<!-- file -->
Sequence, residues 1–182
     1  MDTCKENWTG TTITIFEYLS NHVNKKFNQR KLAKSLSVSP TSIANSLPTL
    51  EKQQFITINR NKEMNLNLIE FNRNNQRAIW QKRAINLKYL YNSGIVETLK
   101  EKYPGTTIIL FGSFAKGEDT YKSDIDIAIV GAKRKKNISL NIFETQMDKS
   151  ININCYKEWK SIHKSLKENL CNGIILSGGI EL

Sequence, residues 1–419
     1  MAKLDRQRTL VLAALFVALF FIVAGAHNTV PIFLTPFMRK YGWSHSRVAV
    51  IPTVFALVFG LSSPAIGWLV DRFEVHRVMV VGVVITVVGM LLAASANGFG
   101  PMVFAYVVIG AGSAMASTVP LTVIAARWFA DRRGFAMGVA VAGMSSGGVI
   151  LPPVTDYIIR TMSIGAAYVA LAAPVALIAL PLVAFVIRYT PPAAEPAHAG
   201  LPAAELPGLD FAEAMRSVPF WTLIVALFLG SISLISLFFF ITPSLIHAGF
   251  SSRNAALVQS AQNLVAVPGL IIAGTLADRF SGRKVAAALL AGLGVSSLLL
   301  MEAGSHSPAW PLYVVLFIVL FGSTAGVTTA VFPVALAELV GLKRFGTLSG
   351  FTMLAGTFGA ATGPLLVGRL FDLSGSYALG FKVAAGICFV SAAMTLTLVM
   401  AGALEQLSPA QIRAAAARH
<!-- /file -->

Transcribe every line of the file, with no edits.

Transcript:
Sequence, residues 1–182
     1  MDTCKENWTG TTITIFEYLS NHVNKKFNQR KLAKSLSVSP TSIANSLPTL
    51  EKQQFITINR NKEMNLNLIE FNRNNQRAIW QKRAINLKYL YNSGIVETLK
   101  EKYPGTTIIL FGSFAKGEDT YKSDIDIAIV GAKRKKNISL NIFETQMDKS
   151  ININCYKEWK SIHKSLKENL CNGIILSGGI EL

Sequence, residues 1–419
     1  MAKLDRQRTL VLAALFVALF FIVAGAHNTV PIFLTPFMRK YGWSHSRVAV
    51  IPTVFALVFG LSSPAIGWLV DRFEVHRVMV VGVVITVVGM LLAASANGFG
   101  PMVFAYVVIG AGSAMASTVP LTVIAARWFA DRRGFAMGVA VAGMSSGGVI
   151  LPPVTDYIIR TMSIGAAYVA LAAPVALIAL PLVAFVIRYT PPAAEPAHAG
   201  LPAAELPGLD FAEAMRSVPF WTLIVALFLG SISLISLFFF ITPSLIHAGF
   251  SSRNAALVQS AQNLVAVPGL IIAGTLADRF SGRKVAAALL AGLGVSSLLL
   301  MEAGSHSPAW PLYVVLFIVL FGSTAGVTTA VFPVALAELV GLKRFGTLSG
   351  FTMLAGTFGA ATGPLLVGRL FDLSGSYALG FKVAAGICFV SAAMTLTLVM
   401  AGALEQLSPA QIRAAAARH